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Calderon's war

January 16, 2007|Denise Dresser | DENISE DRESSER, a professor at the Autonomous Technological Institute of Mexico, is a contributing editor to Opinion.

WHO WOULD have thought that Felipe Calderon, Mexico's mild-mannered, wonkish and uncharismatic president, would morph into an action hero? Clad in military fatigues, at the helm of an increasingly active and visible army, Calderon has declared an all-out war against Mexico's two main scourges: drug trafficking and the organized crime networks it has spawned. This is a bold move and one fraught with risk. If Calderon wins, he will strengthen his presidency and ensure Mexico's long-term stability and national security. If he loses, he could imperil both.

Calderon has little choice but to act. Mexico is growing increasingly lawless, and his presidency began in a weakened state because of a contentious election and its divisive aftermath. He must prove that he can establish the authority many Mexicans believe he didn't gain legitimately, and use it to govern in an effective way. In a country in which 1,500 people are killed a year in drug-related violence, security is the top priority for most Mexicans. Years of government inaction under former President Vicente Fox have left key institutions infiltrated with cartel accomplices, hundreds of police officers dead, scores of judges assassinated and dozens of journalists missing. During the Fox administration, Mexico turned into a more violent country than Colombia; Calderon's task is to recover lost ground and clean it up.

This will not be easy because the surge of drug trafficking in Mexico reflects a painful paradox: The government's drug enforcement efforts are undermined by the corrupting influence of the drug trade, yet the drug trade cannot survive without the protection of compromised elements within the government. Cocaine traffickers spend as much as $500 million on bribery, which is more than double the budget of the Mexican attorney general's office. As a result, it frequently becomes difficult to tell the good guys from the bad guys.

Police regularly play dual roles: They act as drug enforcers and as protectors of the smugglers. Violent conflicts routinely erupt between police operating as law enforcers and police acting as lawbreakers. So it's no wonder that as part of Operation Tijuana -- the Calderon crackdown that made headlines this month -- local police were forced to relinquish their weapons.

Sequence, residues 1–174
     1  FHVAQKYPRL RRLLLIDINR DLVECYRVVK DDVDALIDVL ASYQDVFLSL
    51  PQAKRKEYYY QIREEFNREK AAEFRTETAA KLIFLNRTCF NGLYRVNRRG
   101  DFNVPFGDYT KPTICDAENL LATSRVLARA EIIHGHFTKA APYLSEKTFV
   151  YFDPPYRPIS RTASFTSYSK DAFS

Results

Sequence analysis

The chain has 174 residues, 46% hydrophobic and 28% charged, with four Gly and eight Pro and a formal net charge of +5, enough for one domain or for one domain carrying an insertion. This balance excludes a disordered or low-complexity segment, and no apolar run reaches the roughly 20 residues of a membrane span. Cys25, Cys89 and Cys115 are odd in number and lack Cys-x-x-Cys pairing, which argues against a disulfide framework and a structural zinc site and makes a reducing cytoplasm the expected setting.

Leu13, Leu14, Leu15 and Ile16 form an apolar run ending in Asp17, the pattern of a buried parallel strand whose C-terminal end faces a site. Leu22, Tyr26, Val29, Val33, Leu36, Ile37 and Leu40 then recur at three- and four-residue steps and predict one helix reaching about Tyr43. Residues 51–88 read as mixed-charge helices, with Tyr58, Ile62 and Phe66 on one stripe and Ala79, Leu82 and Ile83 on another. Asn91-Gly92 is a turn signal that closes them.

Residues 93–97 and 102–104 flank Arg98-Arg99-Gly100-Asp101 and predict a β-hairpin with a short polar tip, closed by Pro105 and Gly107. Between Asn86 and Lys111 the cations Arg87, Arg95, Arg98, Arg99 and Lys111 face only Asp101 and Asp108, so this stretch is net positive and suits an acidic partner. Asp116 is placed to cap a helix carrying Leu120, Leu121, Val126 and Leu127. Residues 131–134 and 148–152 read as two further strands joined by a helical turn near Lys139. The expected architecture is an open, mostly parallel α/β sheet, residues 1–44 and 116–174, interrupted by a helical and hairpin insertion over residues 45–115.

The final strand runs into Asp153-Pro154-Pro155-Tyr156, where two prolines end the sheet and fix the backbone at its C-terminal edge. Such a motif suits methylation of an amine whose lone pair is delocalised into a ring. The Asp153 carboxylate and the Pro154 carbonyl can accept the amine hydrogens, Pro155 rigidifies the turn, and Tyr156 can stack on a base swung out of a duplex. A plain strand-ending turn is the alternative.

In the face of police corruption, Calderon has turned to the military to take on the anti-drug effort -- 3,300 army, navy and federal officers took part in Operation Tijuana. But moving soldiers -- who are separate from the federal police -- around the country at will is a cause for concern, and not just because of potential human rights violations. As a result of its expanded role, the military is becoming the supreme authority -- in some cases the only authority -- in parts of some states. And greater militarization frequently leads to corruption. When cartel leader Joaquin "El Chapo" Guzman escaped from jail several years ago, it is believed that generals helped him do so. So using the military as a roving cleanup force may solve some short-term image problems, but it also creates other, intractable ones.

Calderon hopes to overcome the corrupting influence of the drug trade by creating a new national police force as well as a special anti-drug division, similar to the U.S. Drug Enforcement Administration. He believes that with greater resources and more autonomy, those in charge of combating crime will not end up succumbing to it. But setting up a new agency and extending its reach will not be enough. Calderon needs to deal with Mexico's culture of illegality and pervasive impunity.

Over the last decade, Mexico's transition to democratic rule has cast a glaring light on the country's limited rule of law. Often judges, prosecutors and state officials have been unable to withstand the corrupting influence of the drug trade, a $7-billion-a-year business. And the credibility of public institutions has suffered when those proved guilty have eluded punishment.

So, while Calderon's efforts are to be applauded, they must also be accompanied by comprehensive measures that entail more than soldiers on the streets and photo-ops of the president dressed in olive green. The prospects for a stable, less insecure Mexico will be contingent on Calderon's capacity to enact a major overhaul of the country's judiciary and law enforcement apparatus. In other words, he needs to fight not only drug traffickers but the political networks that protect them.

If Calderon's "surge" is unable to rein in drug-related violence and bring its perpetrators to justice, even after using the army as an instrument of last resort, drug lords and their allies will know that the president's hand is weak -- and that his efforts are too little, too late.

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